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July 07, 2021
Climate Justice


Insight by Sara Manisera, FADA Collective

"We are what we eat"

Ludwig Andreas Feuerbach, German philosopher, 1850

It is becoming increasingly evident that the way we produce and consume food has as a direct consequence the exploitation of humans and the environment. Although it is true that this food system - i.e. the complex of processes from the production of raw materials to distribution - gives consumers access to cheap products, it is equally undeniable that this system has massive environmental and social costs. The market principles and the long supply chain impose very high social costs that often impact the most vulnerable, the small producers and the seasonal workers. In addition to the social costs, there are other costs that have never been calculated: the environmental and the health costs. "Nearly one billion people suffer from hunger, almost two billion eat too much and badly; the frequency of non-transmittable diseases, such as cardiovascular diseases and diabetes, is increasing and unhealthy diets cause up to eleven million premature deaths each year," states the "The 21st-Century Great Food Transformation" report published on The Lancet in 2019.

As Stefania Grando and Salvatore Ceccarelli write in "Seminare il futuro: Perché coltivare la biodiversità" (Terrafutura edizioni), each patient suffering from diabetes "costs the National Healthcare System 2589 euros per year. Diabetes therapies cost 9% of the budget which means 8.26 billion". The Lancet study and the book written by these two genetics professors also point out that the current food system "contributes significantly to the climate emergency and accelerates the process of erosion of natural biodiversity".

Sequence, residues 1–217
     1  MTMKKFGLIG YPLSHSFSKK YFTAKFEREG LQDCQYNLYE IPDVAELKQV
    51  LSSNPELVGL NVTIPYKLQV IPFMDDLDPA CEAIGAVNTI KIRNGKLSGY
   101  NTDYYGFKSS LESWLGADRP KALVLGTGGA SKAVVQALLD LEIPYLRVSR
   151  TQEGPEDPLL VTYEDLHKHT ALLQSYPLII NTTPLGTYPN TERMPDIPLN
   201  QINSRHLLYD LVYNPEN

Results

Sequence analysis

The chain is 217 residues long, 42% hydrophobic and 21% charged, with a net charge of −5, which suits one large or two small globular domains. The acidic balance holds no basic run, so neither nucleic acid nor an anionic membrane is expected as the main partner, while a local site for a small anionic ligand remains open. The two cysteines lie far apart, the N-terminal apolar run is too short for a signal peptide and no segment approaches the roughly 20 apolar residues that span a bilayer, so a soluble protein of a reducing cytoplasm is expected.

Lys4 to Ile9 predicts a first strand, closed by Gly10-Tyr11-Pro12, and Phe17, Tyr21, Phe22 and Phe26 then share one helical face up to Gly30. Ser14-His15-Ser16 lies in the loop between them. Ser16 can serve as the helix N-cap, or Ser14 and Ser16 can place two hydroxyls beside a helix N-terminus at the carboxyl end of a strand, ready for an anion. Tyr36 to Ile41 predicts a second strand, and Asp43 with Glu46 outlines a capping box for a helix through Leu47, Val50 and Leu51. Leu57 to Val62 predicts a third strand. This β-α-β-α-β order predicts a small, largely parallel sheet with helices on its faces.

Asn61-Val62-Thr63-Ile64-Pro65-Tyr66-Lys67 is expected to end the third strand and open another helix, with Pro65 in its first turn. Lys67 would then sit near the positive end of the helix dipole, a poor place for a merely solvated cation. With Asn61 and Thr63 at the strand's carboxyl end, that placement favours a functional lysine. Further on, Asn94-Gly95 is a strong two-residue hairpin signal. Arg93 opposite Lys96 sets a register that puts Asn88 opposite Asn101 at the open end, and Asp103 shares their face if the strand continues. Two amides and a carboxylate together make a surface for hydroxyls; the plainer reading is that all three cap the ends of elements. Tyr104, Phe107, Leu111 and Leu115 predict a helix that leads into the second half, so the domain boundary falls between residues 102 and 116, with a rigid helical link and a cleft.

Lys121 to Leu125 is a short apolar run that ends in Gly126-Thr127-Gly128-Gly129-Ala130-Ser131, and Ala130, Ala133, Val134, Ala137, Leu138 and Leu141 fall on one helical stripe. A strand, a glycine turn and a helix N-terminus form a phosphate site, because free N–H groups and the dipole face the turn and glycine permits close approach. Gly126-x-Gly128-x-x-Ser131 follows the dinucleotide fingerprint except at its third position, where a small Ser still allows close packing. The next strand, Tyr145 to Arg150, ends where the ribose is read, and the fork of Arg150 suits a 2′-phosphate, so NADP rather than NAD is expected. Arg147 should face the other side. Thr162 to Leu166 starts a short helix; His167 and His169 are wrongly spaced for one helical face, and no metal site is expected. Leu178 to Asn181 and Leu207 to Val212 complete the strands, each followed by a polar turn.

At the centre of this food system there is a type of agriculture, industrially and intensive, which is based on the high use of chemical products and, although it ensures the highest production levels ever, it is not resilient, i.e. it is not able to absorb without damage the differences in rainfall and temperature that occur from one year to the next, and is therefore very vulnerable to the climate crisis.

In addition, according to a recent study conducted by the CULTLAB laboratory of the University of Florence's School of Agriculture, in collaboration with the scientific secretariat of the National Observatory of the Rural Landscape, intensive monoculture and industrial agriculture has facilitated the spread of the covid-19 virus and could be one of the causes of future zoonoses: 

"In areas where agriculture uses intensive, mechanically and chemically intensive systems, the incidence of infection is higher," the research states. The study relates the number of cases of coronavirus recorded in the country and the farming models present in the various areas of the country, highlighting a "higher incidence of the virus, from 4150 to 8676 cases, in peri-urban and intensively farmed areas, particularly in the Po Valley, the Adriatic coast of Emilia Romagna, the Arno valley between Florence and Pisa, and in the areas around Rome and Naples, where there is a higher level of mechanisation, use of chemicals and agro-industry and greater inter-relationships with urbanisation and pollution.

If an Italian research study is not enough, you only need to read the report published by UNEP, the UN environment agency, and the International Livestock Research Institute. The two institutes highlighted seven trends that are pushing towards an increase in zoonoses: the increased demand for animal protein, the rise of intensive and unsustainable agriculture, the ever-increasing exploitation of wildlife, the massive use of natural resources through urbanisation and mining, increased travel and transport, and the climate crisis.